1. ALWAYS be grateful for EVERYTHING you have. (Cambodia)
After hearing about the tourist traps and witnessing people beg and lie to me to make a living, it seemed like anything goes. Most of the locals were making $50-100USD per month. That's less than $2/day. Yet Cambodians seemed to be the happiest people on Earth, in the simplest living conditions. Limited hot water and electricity in some places made even the worst conditions in Vancouver seem like a fairy tale.
Sinac, my Tuk-Tuk driver for a day, showed so much appreciation and joy from GETTING to work, I was extremely humbled. Could you imagine being that appreciative of where you're at, wherever you're at?
2. Work your ass off and never settle for being mediocre. (Philippines)
While I was enjoying what seemed like luxury because of the currency exchange differences, I also realized the huge opportunity in earning capacity back home. Though life seemed simpler in Manila, it's also a lot harder. With long days and long hours, brutal pollution and working conditions, Canadian employers seemed like guardian angels.
... Yeah, you're right. Maybe that's going too far. But putting my head down and going to work seems like a mighty fine idea.
3. In unknown territory, go explore. (Thailand)
The best feeling in the world wasn't getting lost in Bangkok for 10 hours and absorbing everything the city had to offer. It was unexpectedly finding my way back home after that. Not only did I see tons, but it felt amazing discovering familiarity. There's nothing quite like activating your internal GPS and independence and rushing off on an adventure.
I went through an emotional roller coaster of feeling exhausted, grumpy and judged to feeling confident, exhilarated and at home in the span of the day. I wouldn't trade those tougher emotions for anything else. In facing them, I grew immensely.
Oh, and if I didn't go explore, I probably wouldn't have had the best meal of my life. (LINK)
4. Writing is the best outlet for clarity. (China)
Want the cheapest and most uplifting cure to stress and worry? It's writing.
Because I was traveling by myself for the majority of my trip; I often had a lot of time alone with my thoughts. Personal questions about work, relationships, and life constantly barraged my conscious mind and in effort to maintain my sanity, I would write to clear the air. Sometimes I didn't have any answers, but I would just jot down questions. As the day passed, I would monitor my thoughts and find probable answers. Ranging from mildly retarded to highly genius, I would constantly be throwing poor ideas out and storing the better ones for later use. Creativity soared as I searched for better ways to describe or invent stories. Reading other books was great too, not only to increase knowledge about new topics but also to explore different forms of prose.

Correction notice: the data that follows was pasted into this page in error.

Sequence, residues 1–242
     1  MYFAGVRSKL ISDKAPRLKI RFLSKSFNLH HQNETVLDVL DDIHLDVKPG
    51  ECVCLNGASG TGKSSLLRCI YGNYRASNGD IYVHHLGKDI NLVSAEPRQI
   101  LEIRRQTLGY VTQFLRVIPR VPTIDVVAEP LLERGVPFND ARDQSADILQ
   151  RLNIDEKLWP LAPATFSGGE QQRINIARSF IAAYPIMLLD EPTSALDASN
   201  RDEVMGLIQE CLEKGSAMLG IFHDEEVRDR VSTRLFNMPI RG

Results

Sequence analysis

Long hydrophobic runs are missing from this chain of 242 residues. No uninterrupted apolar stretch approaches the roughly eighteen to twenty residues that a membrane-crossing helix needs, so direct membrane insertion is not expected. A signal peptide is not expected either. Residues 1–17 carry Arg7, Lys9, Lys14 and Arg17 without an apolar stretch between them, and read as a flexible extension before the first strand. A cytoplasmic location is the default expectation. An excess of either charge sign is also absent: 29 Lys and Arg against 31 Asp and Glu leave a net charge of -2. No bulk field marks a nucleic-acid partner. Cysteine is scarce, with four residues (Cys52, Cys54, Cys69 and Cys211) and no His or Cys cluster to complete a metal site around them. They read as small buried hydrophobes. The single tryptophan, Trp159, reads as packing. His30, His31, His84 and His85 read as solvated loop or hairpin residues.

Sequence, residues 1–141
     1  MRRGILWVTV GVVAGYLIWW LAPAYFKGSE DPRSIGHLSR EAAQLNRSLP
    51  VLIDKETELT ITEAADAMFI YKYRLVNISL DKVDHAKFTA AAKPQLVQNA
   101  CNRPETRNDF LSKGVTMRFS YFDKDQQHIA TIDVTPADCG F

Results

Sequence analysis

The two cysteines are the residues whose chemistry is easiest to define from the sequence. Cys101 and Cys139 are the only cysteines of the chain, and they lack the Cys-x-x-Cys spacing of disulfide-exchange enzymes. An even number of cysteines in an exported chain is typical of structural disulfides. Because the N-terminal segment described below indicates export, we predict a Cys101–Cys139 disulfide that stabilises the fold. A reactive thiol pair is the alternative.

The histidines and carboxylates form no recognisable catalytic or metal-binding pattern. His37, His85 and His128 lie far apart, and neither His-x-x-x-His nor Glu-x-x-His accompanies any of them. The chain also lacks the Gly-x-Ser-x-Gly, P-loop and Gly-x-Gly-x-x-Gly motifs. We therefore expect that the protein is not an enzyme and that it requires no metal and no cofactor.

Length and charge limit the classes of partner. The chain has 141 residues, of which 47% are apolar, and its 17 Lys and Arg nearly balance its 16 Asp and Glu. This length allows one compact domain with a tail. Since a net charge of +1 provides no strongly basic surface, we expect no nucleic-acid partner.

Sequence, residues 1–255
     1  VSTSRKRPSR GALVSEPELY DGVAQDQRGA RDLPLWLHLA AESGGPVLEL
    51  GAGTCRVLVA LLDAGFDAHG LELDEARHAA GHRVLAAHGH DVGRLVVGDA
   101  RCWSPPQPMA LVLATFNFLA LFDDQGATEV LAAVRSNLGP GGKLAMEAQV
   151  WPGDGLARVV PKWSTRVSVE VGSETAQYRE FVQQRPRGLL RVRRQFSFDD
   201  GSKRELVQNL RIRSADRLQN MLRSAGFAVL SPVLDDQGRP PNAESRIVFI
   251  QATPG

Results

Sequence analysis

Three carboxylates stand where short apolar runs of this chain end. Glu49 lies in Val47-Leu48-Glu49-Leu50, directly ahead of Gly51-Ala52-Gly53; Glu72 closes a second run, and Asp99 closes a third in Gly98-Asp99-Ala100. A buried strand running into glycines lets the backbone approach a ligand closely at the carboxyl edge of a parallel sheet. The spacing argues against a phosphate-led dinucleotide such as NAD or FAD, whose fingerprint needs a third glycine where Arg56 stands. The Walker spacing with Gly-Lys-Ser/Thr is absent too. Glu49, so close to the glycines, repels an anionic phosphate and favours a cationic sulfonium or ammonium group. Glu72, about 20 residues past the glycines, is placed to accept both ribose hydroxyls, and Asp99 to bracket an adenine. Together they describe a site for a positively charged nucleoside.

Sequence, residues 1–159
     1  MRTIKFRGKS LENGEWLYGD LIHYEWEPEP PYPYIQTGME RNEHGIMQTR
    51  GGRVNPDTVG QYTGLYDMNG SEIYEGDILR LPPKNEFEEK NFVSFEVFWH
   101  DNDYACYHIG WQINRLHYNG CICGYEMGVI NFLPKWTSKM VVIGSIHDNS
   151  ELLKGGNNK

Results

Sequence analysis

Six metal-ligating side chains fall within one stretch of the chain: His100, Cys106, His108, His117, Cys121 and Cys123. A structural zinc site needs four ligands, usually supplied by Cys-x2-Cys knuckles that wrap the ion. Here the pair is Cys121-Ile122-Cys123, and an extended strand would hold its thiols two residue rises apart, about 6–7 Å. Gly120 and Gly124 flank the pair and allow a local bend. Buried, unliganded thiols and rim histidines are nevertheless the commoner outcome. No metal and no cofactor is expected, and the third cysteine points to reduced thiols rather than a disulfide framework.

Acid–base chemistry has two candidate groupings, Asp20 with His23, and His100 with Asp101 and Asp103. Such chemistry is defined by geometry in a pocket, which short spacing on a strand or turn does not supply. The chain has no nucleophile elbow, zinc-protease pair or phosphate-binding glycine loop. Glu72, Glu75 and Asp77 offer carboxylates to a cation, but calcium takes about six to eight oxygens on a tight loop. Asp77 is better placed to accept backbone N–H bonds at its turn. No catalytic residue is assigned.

5. There's always a party. (Vietnam)
Singing and dancing like no one else is watching is the funnest thing I know to do. Completely disregarding judgement, I found that I could pick my mood up instantly by singing dumb ass songs or bobbing my head on a train. It's cool to be different. Trust me, everyone else on the MRT was jealous I was having more fun than they were.
Self-talk played a huge part in keeping myself company as well, as I entertained and chased laughter in self-amusement. In gloomier moods, I would begin talking out loud to myself and narrating play-by-plays. Nothing better for attitude management.
6. Asking for advice is the quickest route to success. (Singapore)
Everybody has different problems in life. The good news is that my relatives have gone through most of my problems already. It turns out that the dilemmas that I'm currently dealing with seem trivial compared to the stuff they've dealt with. Got relationship problems? Family issues? Strapped for cash? Career in suspense?
It's not that bad.
In one instance, I spent 5 hours listening to how my aunt raised my cousins. I found out what the hardest thing was for her and how she balanced raising kids as a mom with her work as a professional. Without sharing my problems, I just asked her what obstacles and challenges she overcame and then I shut up and listened.
Because she had raised such amazing kids, I knew her advice was solid. Through her perspective, I was better fit to deal with my own life. I find that more people are willing to give advice than to take it. Shoot, give it to me! I'll take it all!
Through this trip, I learnt to follow examples of success in problem areas and ask how to emulate it. It's not often you get to mentor someone younger, and when you do, most people jump at the chance to instill wisdom.
Turning this to you, what lessons have you learnt from traveling?
PS. When traveling, you're never really alone ;)
A blog on my continuing journey through life, covering self-development and success strategies, but also personal reflection.